8.43am, Ross’s Gull on Texel, all the way from Arctic Canada! Soon after breakfast, at 9am, we make an obvious bee line for the reported location, arriving at 9.30am, only to find a group of glum-looking birders and a couple of Stock Doves in the staked out field. After this brief diversion, we resume ‘Operation Bluethroat’ and continue to the very south of the island in search of this popular, highly sought target bird. Judging by the wallpaper in the hotel dining room, plastered with Bluethroats, it should be easy enough to find. It’s also on all the room key cards, and I even wake up to a three foot high cardboard cutout of a Bluethroat every morning, stuck to the wall of my room; enough to give any bird guide nightmares! Meanwhile, after a quick photo-opportunity provided by a roadside field planted with rows of flowering bulbs, and a roadside stop at De Petten to admire a roosting flock of Bar-tailed Godwits, many sporting rich rusty breeding plumage, we arrive at Hors Polder where the lake is surrounded by prime Bluethroat habitat; impenetrable boggy thickets, alive with singing Willow Warblers and the occasional Lesser Whitethroat and Linnet, but not a sniff of a Bluethroat! Oh dear, this could be a challenge and a potential disaster. Undaunted, we press on along the path beside the dense willow scrub, in self-imposed desperation to see our blessed target. Time to employ modern technology, and after a few nervous minutes a Bluethroat appears briefly on top of a nearby bush, but only offering a rear view, which is almost worse than not seeing it at all! We move a short way deeper into the bog, hoping for a better view and remarkably see a female skulking low in a bush just a few yards in front of us, whereupon a male magically appears on an open branch and begins to sing in full view, not fifteen yards away from the whole group which is watching spell bound. This fabulous view trumps yesterday’s Glossy Ibises and we celebrate with high fives!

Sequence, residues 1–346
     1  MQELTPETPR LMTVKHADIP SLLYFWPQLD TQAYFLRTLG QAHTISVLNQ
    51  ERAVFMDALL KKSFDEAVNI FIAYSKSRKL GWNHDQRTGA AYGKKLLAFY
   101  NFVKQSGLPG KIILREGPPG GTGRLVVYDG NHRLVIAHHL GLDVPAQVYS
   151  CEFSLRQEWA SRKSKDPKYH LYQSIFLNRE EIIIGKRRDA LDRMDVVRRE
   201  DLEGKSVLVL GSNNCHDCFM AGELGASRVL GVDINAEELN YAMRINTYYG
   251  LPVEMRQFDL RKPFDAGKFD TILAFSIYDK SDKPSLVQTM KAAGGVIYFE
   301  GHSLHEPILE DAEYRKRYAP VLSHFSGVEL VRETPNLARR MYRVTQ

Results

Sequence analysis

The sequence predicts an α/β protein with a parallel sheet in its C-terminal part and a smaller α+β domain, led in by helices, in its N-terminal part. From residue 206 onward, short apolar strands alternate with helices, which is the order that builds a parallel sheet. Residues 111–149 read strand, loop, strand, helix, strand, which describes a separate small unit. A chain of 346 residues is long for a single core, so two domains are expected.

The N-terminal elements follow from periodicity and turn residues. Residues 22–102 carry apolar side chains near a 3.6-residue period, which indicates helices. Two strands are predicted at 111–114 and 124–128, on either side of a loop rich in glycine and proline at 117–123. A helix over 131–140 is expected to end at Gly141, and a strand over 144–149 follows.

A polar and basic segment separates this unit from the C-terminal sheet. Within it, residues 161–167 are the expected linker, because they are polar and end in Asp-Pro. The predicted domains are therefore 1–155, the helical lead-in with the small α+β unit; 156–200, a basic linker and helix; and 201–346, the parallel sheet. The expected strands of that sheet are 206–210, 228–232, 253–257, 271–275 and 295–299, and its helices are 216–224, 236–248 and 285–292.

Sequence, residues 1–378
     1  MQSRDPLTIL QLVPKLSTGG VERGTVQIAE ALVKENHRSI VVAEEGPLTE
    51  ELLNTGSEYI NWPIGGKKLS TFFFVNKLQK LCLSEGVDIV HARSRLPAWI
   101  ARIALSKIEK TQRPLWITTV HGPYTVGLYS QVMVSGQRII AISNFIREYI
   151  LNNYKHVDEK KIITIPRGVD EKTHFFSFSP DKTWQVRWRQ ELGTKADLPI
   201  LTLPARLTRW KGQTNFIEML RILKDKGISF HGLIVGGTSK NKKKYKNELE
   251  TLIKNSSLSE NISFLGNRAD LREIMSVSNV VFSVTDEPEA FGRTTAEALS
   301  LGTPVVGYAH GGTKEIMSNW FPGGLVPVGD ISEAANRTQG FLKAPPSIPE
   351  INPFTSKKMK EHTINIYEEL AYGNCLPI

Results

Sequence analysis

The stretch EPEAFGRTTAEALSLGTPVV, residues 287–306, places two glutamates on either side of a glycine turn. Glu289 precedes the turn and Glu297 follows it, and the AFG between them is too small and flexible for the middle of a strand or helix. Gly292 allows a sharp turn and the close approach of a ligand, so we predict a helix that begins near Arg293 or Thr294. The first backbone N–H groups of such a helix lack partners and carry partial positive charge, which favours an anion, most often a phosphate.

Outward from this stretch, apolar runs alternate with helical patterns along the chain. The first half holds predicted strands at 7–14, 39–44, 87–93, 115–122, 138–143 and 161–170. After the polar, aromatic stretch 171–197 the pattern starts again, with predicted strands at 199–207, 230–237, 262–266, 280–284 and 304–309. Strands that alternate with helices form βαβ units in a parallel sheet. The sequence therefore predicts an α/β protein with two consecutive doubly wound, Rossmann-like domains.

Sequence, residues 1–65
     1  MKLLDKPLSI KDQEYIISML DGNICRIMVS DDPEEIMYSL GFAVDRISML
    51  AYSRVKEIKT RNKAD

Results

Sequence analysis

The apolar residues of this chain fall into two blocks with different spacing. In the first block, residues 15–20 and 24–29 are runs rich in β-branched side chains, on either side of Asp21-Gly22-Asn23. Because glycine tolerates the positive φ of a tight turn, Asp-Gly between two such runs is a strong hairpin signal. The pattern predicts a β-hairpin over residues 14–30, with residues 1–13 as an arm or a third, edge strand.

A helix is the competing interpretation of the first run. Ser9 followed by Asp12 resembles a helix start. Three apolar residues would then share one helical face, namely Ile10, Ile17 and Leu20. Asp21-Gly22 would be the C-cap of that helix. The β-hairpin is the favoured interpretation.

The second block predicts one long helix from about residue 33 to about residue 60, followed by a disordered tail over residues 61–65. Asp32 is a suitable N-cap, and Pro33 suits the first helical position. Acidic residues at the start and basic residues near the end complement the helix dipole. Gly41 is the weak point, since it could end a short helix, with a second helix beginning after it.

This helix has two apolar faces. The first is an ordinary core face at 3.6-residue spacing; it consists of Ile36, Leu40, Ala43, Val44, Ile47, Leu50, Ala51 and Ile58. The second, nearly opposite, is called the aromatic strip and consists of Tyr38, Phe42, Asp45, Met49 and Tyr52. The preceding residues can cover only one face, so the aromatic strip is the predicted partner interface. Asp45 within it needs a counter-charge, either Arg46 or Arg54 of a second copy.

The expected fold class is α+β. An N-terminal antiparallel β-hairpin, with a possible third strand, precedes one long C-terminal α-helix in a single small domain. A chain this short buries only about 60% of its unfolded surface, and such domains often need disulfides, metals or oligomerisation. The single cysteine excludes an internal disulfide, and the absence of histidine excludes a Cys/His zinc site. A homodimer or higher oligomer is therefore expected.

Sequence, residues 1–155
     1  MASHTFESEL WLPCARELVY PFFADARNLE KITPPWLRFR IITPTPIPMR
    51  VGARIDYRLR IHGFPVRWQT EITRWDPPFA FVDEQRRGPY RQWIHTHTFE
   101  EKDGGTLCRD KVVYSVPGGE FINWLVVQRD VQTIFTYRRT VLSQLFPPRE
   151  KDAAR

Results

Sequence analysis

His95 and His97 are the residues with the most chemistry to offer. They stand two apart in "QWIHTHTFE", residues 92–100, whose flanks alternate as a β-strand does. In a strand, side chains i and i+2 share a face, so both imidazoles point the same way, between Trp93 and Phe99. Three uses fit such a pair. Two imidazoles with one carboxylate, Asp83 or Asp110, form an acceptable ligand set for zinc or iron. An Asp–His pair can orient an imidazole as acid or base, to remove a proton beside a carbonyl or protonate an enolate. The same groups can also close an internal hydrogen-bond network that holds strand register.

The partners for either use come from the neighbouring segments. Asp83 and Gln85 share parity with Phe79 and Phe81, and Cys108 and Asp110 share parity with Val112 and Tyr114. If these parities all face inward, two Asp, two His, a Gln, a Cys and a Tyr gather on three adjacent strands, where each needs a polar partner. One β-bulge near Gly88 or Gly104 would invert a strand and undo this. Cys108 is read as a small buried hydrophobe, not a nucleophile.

After elevenses on a grassy bank in the now warm sunshine, we continue the circuit and a lucky few in the group also see a very secretive but vocal Nightingale. Back at the van it’s time for a late lunch overlooking Mokbaai, where the many waders include Grey Plovers in smart black and silver breeding plumage.
This afternoon we explore yet another of the habitats on this surprisingly varied island; heathland, dotted with pools and waterlogged areas in the Bollekamer reserve. As well as male and female Marsh Harriers, in the same view as a white-rumped hen Hen Harrier, we also add male Stonechat and a Great White Egret to the growing bird list. This still leaves time for a scenic drive back to the hotel via the De Waal reserve where the wetlands provide great views of Skylark, Spotted Redshanks in charcoal grey breeding plumage and a fantastic show by numerous male Ruff with bright orange bills and legs and sprouting a colourful variety of breeding plumes ranging from black, through bottle green to rufous, ginger and white, while sparring energetically with one another.